Late author, attorney and former state representative Harry M. Caudill wrote a series of reports from the front lines of World War II for The Mountain Eagle in 1944. The articles represent some of the first published writings for the author of “Night Comes to the Cumberlands.”
In the latter part of March my division was moved to Italy. I crossed the Mediterranean Sea on an eight thousand ton American troop transport, which prior to the war was used to carry bananas from Panama to the states.
Few of us became seasick during the Atlantic crossing, but I was only one of many who became violently ill on the way from Algeria to Italy. The ship did not pitch and toss, but was kept in constant motion by low waves which rolled constantly before the wind. Our Atlantic crossing was made on a vessel nearly four times as large and as a consequence it was little affected by rough seas.
The last glimpse I caught of Africa was of the low barren hills, which in Tunisia come down almost to the shore. For hours before our convoy turned toward the north I stood by the rail (one is usually seasick only while he is below deck and feels much better upon coming into the fresh air) and watched them pass into the distance. In Africa, the French Colonial Forces keep native soldiers or Foreign Legion troops on guard at bridges and at intervals along telegraph lines and railways. Little stone forts dot the countryside from which soldiers keep the surrounding areas under constant vigilance.
The Arabs are a wild, strange people and the desolate sandy hills that make up most of their African territories are as inhospitable and forbidding as the Arabs themselves.
My regiment disembarked at Naples, or “Napoli” as the Italians call it. Naples is the only major Italian city that I had an opportunity to visit. Ten days after I arrived in Italy I received a one-day pass to the city, which enabled me to see only enough for it to make me want to see much more. Presently I will describe some of the things I saw there in villages to the North.
We left the troop transport carrying full field equipment and marched directly to the railroad station, “ Piazza Garibaldi.” From here we travelled by train a number of miles to a small village north of the city. From here we took a three-hour march to a small valley, where we camped for the three following days and nights. Upon leaving this valley we moved in trucks to a rest area some twenty-odd miles behind the front lines.
We stayed here two weeks loafing — resting in anticipation of combat; then at 11:00 o’clock at night we moved in lightless trucks to the battlefront.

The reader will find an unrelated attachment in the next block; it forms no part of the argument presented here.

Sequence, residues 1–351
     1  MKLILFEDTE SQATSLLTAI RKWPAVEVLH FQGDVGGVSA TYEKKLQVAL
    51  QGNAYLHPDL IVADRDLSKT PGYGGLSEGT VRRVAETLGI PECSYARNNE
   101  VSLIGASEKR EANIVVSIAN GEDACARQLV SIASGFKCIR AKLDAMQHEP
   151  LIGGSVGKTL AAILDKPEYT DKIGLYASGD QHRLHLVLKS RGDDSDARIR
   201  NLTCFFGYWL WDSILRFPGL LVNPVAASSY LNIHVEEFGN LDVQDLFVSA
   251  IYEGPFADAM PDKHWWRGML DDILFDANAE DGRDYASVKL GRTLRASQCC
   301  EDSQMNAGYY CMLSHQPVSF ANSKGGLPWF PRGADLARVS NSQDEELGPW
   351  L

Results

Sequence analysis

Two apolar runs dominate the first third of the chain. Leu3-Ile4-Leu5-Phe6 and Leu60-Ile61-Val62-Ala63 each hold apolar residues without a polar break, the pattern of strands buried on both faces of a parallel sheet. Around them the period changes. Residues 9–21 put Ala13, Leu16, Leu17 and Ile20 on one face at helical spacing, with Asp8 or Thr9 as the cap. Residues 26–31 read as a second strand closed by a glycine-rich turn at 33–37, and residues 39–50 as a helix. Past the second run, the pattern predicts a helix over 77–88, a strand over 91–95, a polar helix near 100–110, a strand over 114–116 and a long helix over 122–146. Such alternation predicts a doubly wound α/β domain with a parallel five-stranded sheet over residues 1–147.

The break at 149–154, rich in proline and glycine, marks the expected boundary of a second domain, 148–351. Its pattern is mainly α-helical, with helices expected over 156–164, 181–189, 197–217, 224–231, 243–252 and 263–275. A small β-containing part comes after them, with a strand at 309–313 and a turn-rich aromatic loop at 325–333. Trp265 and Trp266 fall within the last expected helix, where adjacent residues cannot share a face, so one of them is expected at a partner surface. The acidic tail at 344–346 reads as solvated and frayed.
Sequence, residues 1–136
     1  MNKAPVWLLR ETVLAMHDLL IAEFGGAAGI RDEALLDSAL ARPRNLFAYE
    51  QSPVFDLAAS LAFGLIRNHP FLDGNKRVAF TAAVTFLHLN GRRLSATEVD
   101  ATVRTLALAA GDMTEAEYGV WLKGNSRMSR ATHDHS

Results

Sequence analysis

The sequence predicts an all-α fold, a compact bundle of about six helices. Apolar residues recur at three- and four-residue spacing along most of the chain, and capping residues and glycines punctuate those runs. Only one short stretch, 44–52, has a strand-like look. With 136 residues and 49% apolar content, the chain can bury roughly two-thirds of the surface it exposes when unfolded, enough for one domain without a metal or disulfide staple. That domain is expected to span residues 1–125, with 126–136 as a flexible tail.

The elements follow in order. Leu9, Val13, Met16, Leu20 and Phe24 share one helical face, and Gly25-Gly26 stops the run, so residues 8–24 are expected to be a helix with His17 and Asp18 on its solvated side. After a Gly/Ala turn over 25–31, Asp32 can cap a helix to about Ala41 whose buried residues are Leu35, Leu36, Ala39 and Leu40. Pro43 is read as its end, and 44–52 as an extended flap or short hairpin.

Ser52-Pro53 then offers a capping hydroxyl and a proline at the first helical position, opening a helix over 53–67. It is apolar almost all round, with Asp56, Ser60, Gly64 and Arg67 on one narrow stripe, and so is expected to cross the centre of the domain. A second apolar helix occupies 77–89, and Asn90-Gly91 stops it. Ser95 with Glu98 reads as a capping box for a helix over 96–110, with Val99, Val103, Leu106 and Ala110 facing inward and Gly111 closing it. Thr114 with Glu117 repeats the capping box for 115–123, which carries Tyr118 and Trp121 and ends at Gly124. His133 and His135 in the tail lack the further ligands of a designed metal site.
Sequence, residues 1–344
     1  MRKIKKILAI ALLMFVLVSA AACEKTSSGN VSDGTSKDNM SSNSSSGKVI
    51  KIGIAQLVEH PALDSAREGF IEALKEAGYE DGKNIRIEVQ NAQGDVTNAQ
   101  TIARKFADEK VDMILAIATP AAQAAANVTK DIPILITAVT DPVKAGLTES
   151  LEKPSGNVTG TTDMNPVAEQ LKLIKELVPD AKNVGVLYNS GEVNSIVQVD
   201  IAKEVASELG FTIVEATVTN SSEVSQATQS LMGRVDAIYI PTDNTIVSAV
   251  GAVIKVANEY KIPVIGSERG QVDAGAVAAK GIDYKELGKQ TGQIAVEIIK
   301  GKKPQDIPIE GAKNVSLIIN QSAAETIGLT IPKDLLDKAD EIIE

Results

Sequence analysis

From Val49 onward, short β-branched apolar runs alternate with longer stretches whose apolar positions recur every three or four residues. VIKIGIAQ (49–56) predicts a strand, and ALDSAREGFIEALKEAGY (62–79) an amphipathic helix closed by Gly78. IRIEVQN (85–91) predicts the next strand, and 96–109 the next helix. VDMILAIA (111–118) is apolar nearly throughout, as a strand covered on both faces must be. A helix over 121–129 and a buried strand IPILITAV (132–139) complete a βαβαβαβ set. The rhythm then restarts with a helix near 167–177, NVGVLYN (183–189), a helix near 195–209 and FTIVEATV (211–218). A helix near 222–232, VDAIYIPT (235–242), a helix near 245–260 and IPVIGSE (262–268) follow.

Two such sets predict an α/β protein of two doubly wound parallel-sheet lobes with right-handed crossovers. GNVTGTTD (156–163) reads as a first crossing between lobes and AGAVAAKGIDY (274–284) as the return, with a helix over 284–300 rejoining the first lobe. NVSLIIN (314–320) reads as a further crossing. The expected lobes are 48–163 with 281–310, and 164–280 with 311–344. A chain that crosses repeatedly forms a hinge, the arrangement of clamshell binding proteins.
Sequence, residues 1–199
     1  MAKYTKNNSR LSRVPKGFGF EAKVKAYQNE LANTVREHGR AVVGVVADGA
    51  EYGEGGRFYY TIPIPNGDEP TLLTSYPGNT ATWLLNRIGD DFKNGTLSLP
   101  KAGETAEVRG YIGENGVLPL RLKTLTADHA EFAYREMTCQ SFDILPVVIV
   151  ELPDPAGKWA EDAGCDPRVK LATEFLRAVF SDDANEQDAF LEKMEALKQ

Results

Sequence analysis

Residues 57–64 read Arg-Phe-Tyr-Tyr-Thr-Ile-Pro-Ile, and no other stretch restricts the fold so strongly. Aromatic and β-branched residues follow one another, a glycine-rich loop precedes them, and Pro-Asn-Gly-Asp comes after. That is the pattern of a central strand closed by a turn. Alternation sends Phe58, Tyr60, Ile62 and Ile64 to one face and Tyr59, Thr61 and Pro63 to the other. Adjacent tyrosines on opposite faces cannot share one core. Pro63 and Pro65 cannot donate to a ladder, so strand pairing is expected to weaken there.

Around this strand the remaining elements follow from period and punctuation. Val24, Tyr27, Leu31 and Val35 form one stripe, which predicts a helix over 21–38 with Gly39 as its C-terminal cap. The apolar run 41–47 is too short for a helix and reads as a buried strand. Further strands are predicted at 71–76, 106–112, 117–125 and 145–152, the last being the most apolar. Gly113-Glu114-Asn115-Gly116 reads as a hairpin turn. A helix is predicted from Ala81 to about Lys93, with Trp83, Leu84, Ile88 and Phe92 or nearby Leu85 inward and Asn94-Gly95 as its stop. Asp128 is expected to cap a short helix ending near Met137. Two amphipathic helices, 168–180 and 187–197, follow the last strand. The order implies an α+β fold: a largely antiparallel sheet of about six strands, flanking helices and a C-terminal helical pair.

I have mentioned the stages by which we moved to the battlefront in order that the reader may gain some idea of the usual manner in which troops are moved into the battle lines.
Because there are many millions of American citizens who were born in Italy or are directly descended from Italian immigrants, Italy is a country of particular interest to us. If I had been allowed to choose any country in Europe where I might serve as a soldier, none would have been of greater interest to me than Italy. The history of western civilization has, in large measure, been a history of the inhabitants of the Italian peninsula. When England and Germany were yet savage wilderness and America an unheard of wild continent, a majestic civilization flourished in Italy and Rome was the Capital City of the western world. As a result of her long history, one can hardly turn around in Italy without encountering something of particular interest to all of us.
In the harbor area at Naples I saw for the first time the ruin and devastation that war leaves behind. No place that I saw in Africa had suffered serious damage, but from the time I entered Italy until I left it I saw everywhere destruction which we in America find difficult to imagine. Naples is one of the largest, and normally one of the most prosperous port cities in Europe. Italy imports a large percent of its foodstuffs and nearly all of its industrial raw material, and yearly hun- dreds of cargo and passenger ships from all over the world used to dock there. Our war department has estimated recently, however, that it will be several years before the great port can possibly be restored to its pre-war capacity.
Germans and Italian Fascist demolitionists did most of the damage to the harbor trying to ruin the port so badly that the U.S. Army could not bring in supplies through it. Great ships, burned out and half-covered with water, dot the harbor. Here and there in deep water, only the top of a mast sticks out while in other cases the decks are barely covered with water. The docks, wharves and warehouses were dynamited into the water and have been hastily replaced by American engineers with crude emergency installations.
Whole rows of buildings along the waterfront are in rubble and here and there hastily built concrete air raid shelters stand by the streets or amid the ruins of buildings. The people, driven out of this section of the city, live literally anywhere that shelter can be obtained.
Some families even live in the railroad depot, in impoverished rooms between the high ceiling and the roof.
Destitution and the most abject poverty are everywhere in Naples and the other ports of Italy that I saw. It is little wonder that the Italians are sick of war!
To Be Continued …